What is most striking about Vienna, apart from the art, music, architecture and cake is the profound silence. No horns are honking. No people are yelling. The Viennese are a civilized, sedate bunch. I feel safe making that kind of generalization because I asked around and both Austrian and foreigner alike agreed with the assessment..
Understated is the attractive Austrian way, unlike other nations, as was demonstrated by an exciting clash of cultures one day at the height of the Christmas market season.
While inside the temporary Monet exhibition at the Belvedere Museum a group of women was wildly noisy. They were not speaking German and I could not discern their nationality. Suffice to say they were not Austrian. As the group got louder the museum workers reprimanded them. “Shhhhh” one of them blurted out. Several more stern “shhhhhs ” followed, which seemed a bit rude at first, but these women seemed steadfastly determined to ignore the Viennese code of quiet .
It is in bad taste to draw attention to yourself in Vienna so it is best to go along with the Austrian way because as many an Austrian will tell you, their customs make for such a well ordered society that, according to the Mercer 2014 Quality of Living ratings, the City of Vienna ranks number one in the world.
Austria’s capital city prides itself on it’s architecture, opera, music, art and coffee houses. It’s streets are spotless reflecting a Viennese character which is all at once tidy, dignified and rule abiding. You are warned not to jaywalk for instance. It is an offense punishable by a fine and perhaps broken bones if you are not careful. There are rules here and everyone is expected to obey them. Even the unwritten ones. These museum goers clearly never got the memo.
After having broken Austria’s self imposed quiet code the oldest woman in the group then does the unthinkable. An act, no museum in the world would think it necessary to restrict. She actually reaches out and puts her hands on the canvas of a Monet painting. The curator flipped out. “No, No, No,” she screamed, all the while darting between the woman and the masterpiece to protect it from another potential assault and then radioing for reinforcements. It was the most exciting event I had witnessed in this city, because as I have mentioned, it is fairly quiet there.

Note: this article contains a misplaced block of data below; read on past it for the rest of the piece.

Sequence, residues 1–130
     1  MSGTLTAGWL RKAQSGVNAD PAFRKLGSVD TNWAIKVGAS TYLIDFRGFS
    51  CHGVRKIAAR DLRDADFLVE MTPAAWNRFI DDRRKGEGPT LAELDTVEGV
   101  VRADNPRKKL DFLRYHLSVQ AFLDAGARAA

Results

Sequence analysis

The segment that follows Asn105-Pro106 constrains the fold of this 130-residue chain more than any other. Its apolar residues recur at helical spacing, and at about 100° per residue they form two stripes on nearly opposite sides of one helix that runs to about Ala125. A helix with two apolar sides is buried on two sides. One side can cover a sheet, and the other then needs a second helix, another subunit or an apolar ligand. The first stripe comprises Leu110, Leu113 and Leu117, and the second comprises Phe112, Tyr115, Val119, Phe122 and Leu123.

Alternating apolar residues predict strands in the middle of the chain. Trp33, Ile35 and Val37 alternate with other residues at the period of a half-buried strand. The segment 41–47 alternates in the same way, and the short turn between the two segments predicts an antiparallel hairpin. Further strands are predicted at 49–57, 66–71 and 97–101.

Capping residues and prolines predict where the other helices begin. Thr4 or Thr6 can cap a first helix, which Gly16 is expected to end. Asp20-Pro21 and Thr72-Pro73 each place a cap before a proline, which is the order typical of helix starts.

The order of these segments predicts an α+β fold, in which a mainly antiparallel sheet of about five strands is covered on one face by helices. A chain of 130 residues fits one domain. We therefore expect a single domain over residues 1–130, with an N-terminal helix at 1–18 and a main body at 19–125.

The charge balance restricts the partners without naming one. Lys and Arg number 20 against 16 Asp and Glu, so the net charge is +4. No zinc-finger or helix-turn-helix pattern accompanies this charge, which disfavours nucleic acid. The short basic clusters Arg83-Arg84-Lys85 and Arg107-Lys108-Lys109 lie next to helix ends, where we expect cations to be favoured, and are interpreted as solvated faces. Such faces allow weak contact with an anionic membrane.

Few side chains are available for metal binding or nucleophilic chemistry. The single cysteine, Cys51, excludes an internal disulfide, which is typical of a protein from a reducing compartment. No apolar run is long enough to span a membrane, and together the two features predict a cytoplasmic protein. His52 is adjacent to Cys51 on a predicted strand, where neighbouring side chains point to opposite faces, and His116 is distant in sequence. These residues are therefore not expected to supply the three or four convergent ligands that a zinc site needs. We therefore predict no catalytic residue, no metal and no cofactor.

But really, I cannot imagine what that lady was thinking! Other females in the group quickly tried to communicate apologies to museum staff but to no avail as the female guard incredulously kept yelling, “That is a Monet !!!!” She made the comment in English rather than German but I could not be sure in what language the offender responded. What is absolutely clear is that some things are just wrong no matter what language you speak or what country you come from.
For the observers of this artistic transgression there was only horror and transfixation.. We could not take our eyes off the group and we were all simultaneously judgemental and then strangely disappointed as they finally made their exit from the the museum. There went our exotic entertainment for the day in a city that is more well known for Gustav Klimt’s then anti art behaviors.
Despite the transgression and chaos that ensued these women were remarkably unfazed. They continued to ignore the earlier noise warnings and chatted away like a pack of wild magpies. I wanted to scream “shut up” and did “shush” them several times as did other museum visitors. They just would not conform or care. When in Rome and all was completely lost on them.
Why are so many of us so loud. Why must we endure listening to strangers’ cell phone conversations ? Or the sounds of a well meaning parent reading aloud to their child on a airplane. Even luxurious restaurants are not immune to the callous disregard of some diners. On our last night in Vienna, my husband and I dined at the Michelin rated Steirereck Restaurant ranked 16th among the “World’s 50 Best Restaurants”.
Beside us, at the second best table in the place, sat two seemingly sophisticated couples whose conversation careened from human rights and charitable foundations to wine snobbery. “I love good wine, but I just want it served to me. I don’t want to fuss with its history” said one female diner in accented English which I assumed was the common language between them. I know all of this because they spoke so vibrantly that I could not concentrate on the conversation I was trying to have with my husband . After several plaintive looks in their direction went unnoticed (how could they engage their sense of sight while so preoccupied with their oral cavities) it became clear that they would never desist from their high volume dialogue. We asked to be moved from the best table to a quieter one at which point one man from the noisy group asked his fellow diners, “do you think we were too loud?” Ah, yaah !
But like the women from the museum they continued nattering at the same volume, which was now far enough away from us to be observed and wondered at but not so close to further disturb us.
Folks, we are not alone. Excessive noise is aural pollution. One-point-7-Million Austrians are acutely aware of this. And as with many cultures we can learn something from this one, like respecting each other’s right to quiet. Even in a crowd.